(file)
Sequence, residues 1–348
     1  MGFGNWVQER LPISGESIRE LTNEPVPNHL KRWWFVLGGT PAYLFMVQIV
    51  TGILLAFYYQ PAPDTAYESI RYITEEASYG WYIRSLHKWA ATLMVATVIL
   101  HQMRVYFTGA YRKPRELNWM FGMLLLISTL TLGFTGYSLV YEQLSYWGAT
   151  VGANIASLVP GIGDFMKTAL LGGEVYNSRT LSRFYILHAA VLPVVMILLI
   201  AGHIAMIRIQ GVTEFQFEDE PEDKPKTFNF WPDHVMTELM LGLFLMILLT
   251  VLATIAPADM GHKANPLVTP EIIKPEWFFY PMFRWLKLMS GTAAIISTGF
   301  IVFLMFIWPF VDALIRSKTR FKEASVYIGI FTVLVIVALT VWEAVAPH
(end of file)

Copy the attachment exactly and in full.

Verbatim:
Sequence, residues 1–348
     1  MGFGNWVQER LPISGESIRE LTNEPVPNHL KRWWFVLGGT PAYLFMVQIV
    51  TGILLAFYYQ PAPDTAYESI RYITEEASYG WYIRSLHKWA ATLMVATVIL
   101  HQMRVYFTGA YRKPRELNWM FGMLLLISTL TLGFTGYSLV YEQLSYWGAT
   151  VGANIASLVP GIGDFMKTAL LGGEVYNSRT LSRFYILHAA VLPVVMILLI
   201  AGHIAMIRIQ GVTEFQFEDE PEDKPKTFNF WPDHVMTELM LGLFLMILLT
   251  VLATIAPADM GHKANPLVTP EIIKPEWFFY PMFRWLKLMS GTAAIISTGF
   301  IVFLMFIWPF VDALIRSKTR FKEASVYIGI FTVLVIVALT VWEAVAPH